I first met Rob King at an Akimbo planning meeting in the fall of 2010 and he is part of the early inspiration for this art and tech blog because he perfectly sums up, in one person, the marriage of the gifted worlds of art and technology. He's a graduate of the New Media program at Ryerson University and when I met him he was working on his Tenticles project among others at the Mobile Lab at OCAD. Tenticles debuted in Toronto at Nuit Blanche and a new version went on to be included in the Talk To Me exhibition at MoMA, an exhibition featuring artists using new technologies. Rob is also the creator of the Akimbo app and brings to the table a full deck of tech and artistic skill sets and a talent for spotting new developments on the web horizon. With so many new apps coming out and technologies rapidly changing, I talked to Rob about what goes into making an app and what other projects he’s been working on.
What do you like most about art apps?
Building them! It gives me a chance to explore and experiment beyond the normal development process.
What makes a good art app?
It needs to be unique and convey an interesting message, or use the device in an original way.
Does every gallery need an app?
Not necessarily, but they need some sort of mobile presence. If every gallery had an app, we would just be overwhelmed with hundreds of individual gallery apps. From a user perspective, we want to get all our info about multiple galleries from one or two sources. With that being said, it's definitely important for galleries to get on the apps that are out there and make their websites mobile friendly (no Flash please!). Galleries really need to assess what they want to get out of their app. If they just want to bring in new visitors or only provide listings, it's probably best to partner with an existing app like Akimbo's so that they can leverage the existing audience. If they want to provide a service to existing patrons by providing something unique like an online exhibition space then it might be worth considering building one of their own. It really depends on what they want to do.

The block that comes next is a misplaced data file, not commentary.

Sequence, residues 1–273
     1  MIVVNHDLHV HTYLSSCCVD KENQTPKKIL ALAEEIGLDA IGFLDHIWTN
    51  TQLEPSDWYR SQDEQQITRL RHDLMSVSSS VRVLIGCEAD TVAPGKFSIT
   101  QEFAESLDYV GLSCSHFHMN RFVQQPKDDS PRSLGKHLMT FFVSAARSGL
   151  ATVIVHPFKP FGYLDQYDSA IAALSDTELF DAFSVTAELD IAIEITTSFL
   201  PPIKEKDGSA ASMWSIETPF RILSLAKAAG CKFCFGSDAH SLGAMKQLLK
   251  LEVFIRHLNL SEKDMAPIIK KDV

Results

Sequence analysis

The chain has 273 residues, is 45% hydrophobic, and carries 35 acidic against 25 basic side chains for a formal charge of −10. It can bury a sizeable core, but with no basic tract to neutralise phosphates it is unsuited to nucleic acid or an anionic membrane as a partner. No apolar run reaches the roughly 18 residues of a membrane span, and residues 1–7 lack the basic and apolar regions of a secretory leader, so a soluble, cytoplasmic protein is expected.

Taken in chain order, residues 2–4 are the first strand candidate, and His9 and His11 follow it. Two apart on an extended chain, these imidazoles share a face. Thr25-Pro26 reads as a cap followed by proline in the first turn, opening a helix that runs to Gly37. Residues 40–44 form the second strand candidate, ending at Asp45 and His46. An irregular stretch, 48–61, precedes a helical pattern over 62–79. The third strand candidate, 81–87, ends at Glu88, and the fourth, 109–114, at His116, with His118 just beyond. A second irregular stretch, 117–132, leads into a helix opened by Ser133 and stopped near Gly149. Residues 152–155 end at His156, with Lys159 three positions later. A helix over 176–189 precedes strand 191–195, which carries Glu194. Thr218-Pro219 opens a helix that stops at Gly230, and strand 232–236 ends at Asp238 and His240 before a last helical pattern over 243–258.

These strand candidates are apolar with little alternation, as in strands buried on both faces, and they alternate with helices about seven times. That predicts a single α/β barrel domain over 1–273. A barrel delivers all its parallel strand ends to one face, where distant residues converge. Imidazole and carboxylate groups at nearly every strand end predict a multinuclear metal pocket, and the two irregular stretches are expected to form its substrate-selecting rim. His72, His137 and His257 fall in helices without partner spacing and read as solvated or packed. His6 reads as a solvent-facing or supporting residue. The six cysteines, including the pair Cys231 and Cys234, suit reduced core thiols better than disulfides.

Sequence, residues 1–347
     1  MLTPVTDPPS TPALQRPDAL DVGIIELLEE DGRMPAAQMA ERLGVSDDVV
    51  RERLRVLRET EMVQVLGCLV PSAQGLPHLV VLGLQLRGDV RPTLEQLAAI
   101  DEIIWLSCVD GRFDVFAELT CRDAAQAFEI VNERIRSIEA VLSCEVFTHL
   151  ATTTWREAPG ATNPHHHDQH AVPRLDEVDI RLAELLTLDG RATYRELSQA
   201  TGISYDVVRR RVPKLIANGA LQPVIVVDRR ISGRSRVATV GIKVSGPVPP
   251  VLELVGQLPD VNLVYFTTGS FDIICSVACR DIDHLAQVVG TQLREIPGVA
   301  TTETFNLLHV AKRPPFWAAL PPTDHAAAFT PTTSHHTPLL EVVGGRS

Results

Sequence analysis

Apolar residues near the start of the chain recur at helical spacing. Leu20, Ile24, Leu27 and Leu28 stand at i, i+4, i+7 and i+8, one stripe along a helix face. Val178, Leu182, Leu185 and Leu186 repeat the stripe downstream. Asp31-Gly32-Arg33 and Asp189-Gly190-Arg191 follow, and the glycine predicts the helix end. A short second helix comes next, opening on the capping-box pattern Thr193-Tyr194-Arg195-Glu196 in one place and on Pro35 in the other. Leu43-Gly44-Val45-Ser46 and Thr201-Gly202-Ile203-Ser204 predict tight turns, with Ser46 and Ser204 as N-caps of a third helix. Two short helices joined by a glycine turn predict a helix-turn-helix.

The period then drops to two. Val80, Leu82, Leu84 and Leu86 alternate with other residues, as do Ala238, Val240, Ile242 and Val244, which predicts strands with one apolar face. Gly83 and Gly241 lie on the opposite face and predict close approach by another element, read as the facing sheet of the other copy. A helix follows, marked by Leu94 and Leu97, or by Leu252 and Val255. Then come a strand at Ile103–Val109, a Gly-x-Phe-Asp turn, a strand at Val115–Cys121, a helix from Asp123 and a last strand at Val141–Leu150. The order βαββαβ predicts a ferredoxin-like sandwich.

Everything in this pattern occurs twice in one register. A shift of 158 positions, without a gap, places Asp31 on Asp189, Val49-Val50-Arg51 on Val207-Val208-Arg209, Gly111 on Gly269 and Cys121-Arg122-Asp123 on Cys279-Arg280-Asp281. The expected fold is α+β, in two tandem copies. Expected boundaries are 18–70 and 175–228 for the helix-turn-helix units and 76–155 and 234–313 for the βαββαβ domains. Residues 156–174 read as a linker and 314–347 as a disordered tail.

What new changes are happening for app development? Are costs going down? Are new technologies being used? Are apps getting easier to make?
Aside from working for others, what personal projects have you done?
I do art projects whenever the opportunity comes up (and coincides with free time). The two big personal projects I was working on last year were preparing a new version of the Tentacles project for a show at MOMA, and also working on a Victorian-styled physics-based fighting game. I'm also always experimenting with code and trying out new tools. Often if there isn't a tool out there that does what I need, I end up building my own, some of which are released to the public, but most remain just for internal use.
What's next for you?
I'm currently working with some great people developing a set of robotic building blocks that will let kids create, control, and program their own robots. Can't say too much more at this point, but yes, there will be a mobile controller for it! Look for more info soon!
In addition to finding out about Rob’s app and personal project developments, I asked him our ART+TECH rapid fire questions.
Favourite exhibition from 2011: Talk to Me at MoMA.
A future technology you are most excited about: Very low cost small hackable computers like Raspberry Pi
An artist using new technology you think is interesting: Robert Hodgin and Memo Atken are amazing.
A tech gadget you would like as a gift: Something for making physical artifacts (e.g. laser cutter, CNC, 3D printer).
Given an unlimited budget, an art project would you like to initiate: Something large scale like a mesh network of solar powered robotic fireflies.
Favourite social media platform for personal use: Running into people on the street.
A social media trend or behaviour you find irritating: Everything needing Facebook integration (regardless of how tangential or useless it might be).
The first command you would give to a personal assistant robot: Sudo, make me a sandwich.
Coffee or tea: Coffee.
Three things you love about your job: Every project is a new interesting challenge. The power to say no to boring projects. The ability to work eighteen hours one day, then spend the next playing video games or experimenting.
For more information on Rob King and his new media projects, please visit his website.
James Fowler worked in public relations with organizations in various industries to achieve their communications goals and streamline their media messaging, monitoring and metrics. James currently maintains a fulltime studio practice in Toronto and has taken a keen interest in social media and eMarketing. He joined Akimbo in the spring 2011 as Social Media Director.
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